angusf27
30/10/2009
18:02
anyone got a copy of that recent Hanson Westhouse report please ? Leoboy .
leoboy
30/10/2009
17:02
HansonWesthouse set the target price for PureCircle's stock at 431 pence, more than double its current price of 206.5 pence. angusf27.... I particularly liked that bit of the article
sleveen
30/10/2009
16:00
http://proactiveinvestors.co.uk/companies/news/9678/hansonwesthouse-bullish-on-purecircle-after-market-breakthrough-9678.html Daily express article on sweeteners today(front page) http://www.dailyexpress.co.uk/posts/view/137027 MILLIONS of Britons are risking high blood pressure by consuming snacks that contain a common sweetener, a study has revealed. Fructose is found in many everyday products, including bread, cereals, cakes, sweets and soft drinks. Now researchers have found that even a small amount of the sweetener – equivalent to two-and-a-half sugary drinks a day – can increase the risk of high blood pressure by almost 90 per cent. The study is one of the first to find a strong link between fructose and high blood pressure – also known as hypertension. In the UK, 16 million people suffer from high blood pressure but around one in three are not aware they have it, which is why it is often known as the "silent killer". It can trigger strokes, heart attacks, heart failure and kidney disease. There is also evidence it can lead to vascular dementia. Although obesity is known to cause high blood pressure, experts have so far only identified salt as an ingredient that directly leads to hypertension. Until now, the link between sugary foods and high blood pressure has been unclear. But US scientists at the University of Colorado found that soaring rates of hypertension over the past two decades exactly match the huge rise in consumption of fructose. The team found there had been a 30 per cent rise in the amount of fructose consumed by Americans in the last 20 years and a 400 per cent rise over the last century. They tested 4,528 men and women aged over 18 who had no history of high blood pressure. Dr Diana Jalal, who led the study, found that consuming more than 74 grams of fructose a day dramatically increased the risk of hypertension. This intake increased the risk of suffering very high blood pressure by 87 per cent, moderately high blood pressure by 36 per cent and slightly raised blood pressure by 28 per cent. The team believes this rise occurred regardless of how obese participants were or how many calories they consumed. The paper concluded that: "These results indicate that high fructose intake in the form of added sugars is significantly and independently associated with higher blood pressure levels in the US adult population with no previous history of hypertension." Fructose is a simple sugar found in the fruit and other parts of plants and also in honey. It is much sweeter than sucrose, which comes in the form of cane sugar. It has often been viewed as a "healthy" alternative to cane sugar because it is lower on the Glycaemic Index scale, and is therefore recommended to some diabetics. But in many cases fructose is added to another sugar called glucose, to create an ingredient called High Fructose Corn Syrup (HFCS) that is used as a cheap sweetener for foods. The number of foods in which HFCS is added include breakfast cereals, soft drinks, cakes, ice creams and some yoghurts. Although fructose is also found in fresh fruits, it is not thought to be dangerous in this form because antioxidants and other compounds block the harmful effects. Blood pressure charities last night said the research provided further evidence of the importance of following a healthy diet in the battle to lower blood pressure. Sue Massey, deputy executive director of UK charity the Blood Pressure Association, said: "This piece of research further highlights the link between an unhealthy diet and high blood pressure. "Of course, added sugar isn't the only culprit. That is why we believe the best way to prevent high blood pressure is to try to indulge your sweet tooth only occasionally and focus on having an overall balanced diet, with plenty of fruit and vegetables." The authors of the latest research said that additional studies were needed to see if low fructose diets could normalise blood pressure and prevent the development of hypertension. The paper is being presented at the American Society of Nephrology's 42nd Annual Meeting and Scientific Exposition in San Diego, California.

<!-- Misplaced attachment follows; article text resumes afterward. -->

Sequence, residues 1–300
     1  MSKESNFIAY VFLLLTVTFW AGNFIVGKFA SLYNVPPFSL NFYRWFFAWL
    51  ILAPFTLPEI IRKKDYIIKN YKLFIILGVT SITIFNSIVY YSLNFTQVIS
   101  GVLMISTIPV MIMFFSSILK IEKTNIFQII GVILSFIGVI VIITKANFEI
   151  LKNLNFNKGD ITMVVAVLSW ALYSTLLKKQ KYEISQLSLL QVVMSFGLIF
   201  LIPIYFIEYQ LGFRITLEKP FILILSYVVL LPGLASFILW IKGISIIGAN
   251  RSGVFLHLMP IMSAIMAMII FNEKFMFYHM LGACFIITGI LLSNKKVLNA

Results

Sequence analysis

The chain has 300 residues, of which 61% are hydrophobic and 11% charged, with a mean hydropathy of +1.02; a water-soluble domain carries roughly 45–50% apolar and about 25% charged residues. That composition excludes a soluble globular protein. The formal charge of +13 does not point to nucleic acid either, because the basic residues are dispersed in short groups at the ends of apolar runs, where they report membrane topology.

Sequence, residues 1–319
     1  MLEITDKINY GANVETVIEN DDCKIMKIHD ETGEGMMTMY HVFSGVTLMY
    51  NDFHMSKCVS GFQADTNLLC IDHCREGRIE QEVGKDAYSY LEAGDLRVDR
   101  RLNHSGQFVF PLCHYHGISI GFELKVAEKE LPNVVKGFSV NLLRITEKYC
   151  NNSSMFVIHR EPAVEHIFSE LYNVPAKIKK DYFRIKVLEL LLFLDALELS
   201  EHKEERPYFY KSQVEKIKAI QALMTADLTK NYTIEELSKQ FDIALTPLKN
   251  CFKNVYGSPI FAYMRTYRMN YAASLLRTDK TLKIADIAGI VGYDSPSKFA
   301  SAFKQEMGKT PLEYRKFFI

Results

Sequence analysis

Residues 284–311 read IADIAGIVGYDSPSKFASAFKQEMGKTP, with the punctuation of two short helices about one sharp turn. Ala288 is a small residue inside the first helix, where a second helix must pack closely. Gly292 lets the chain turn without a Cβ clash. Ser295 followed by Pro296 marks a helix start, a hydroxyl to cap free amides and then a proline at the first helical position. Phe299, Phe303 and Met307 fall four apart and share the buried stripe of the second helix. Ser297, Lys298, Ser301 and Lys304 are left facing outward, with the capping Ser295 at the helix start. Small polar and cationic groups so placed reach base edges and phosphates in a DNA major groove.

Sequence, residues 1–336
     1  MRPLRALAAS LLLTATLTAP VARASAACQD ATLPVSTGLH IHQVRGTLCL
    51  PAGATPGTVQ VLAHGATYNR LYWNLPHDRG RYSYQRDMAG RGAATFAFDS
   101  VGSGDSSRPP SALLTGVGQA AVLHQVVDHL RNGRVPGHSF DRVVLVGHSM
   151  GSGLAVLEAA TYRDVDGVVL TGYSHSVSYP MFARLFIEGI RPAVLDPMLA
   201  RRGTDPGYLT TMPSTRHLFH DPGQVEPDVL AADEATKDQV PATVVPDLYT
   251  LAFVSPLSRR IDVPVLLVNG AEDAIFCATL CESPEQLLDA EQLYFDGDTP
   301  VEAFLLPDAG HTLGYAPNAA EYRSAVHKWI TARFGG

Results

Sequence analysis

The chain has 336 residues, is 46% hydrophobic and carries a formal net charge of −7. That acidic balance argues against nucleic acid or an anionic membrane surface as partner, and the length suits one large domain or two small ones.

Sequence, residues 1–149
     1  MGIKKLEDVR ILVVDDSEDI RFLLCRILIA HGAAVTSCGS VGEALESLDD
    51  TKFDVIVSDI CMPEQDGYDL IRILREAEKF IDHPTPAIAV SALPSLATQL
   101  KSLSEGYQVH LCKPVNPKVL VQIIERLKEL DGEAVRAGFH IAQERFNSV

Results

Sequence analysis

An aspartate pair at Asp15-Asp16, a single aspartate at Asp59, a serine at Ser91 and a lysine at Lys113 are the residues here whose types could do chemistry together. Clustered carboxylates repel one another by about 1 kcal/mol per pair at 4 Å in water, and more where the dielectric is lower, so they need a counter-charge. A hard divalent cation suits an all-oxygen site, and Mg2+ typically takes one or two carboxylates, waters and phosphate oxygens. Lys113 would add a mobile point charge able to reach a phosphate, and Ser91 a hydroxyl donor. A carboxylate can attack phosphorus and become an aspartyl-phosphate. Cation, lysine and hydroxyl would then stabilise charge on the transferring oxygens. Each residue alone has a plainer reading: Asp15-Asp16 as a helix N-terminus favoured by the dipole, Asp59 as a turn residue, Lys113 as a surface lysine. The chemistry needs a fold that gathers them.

angusf27
30/10/2009
09:05
Sleveen, Yes maybe, I guess they are just trying to raise awareness as much as possible and highlight potential markets etc... I develop and redevelop food products for major brands and retailers, personally I don't like to shout to much about the products until I see they are a commercial success.
foodcritic
30/10/2009
07:47
foodcritic IMHO yes given the overly negative slant on future Reb A product launches in the AR. It shows that there is substantial sales potential in the ice cream sector at least. I'm expecting more good news in the AGM announcement
sleveen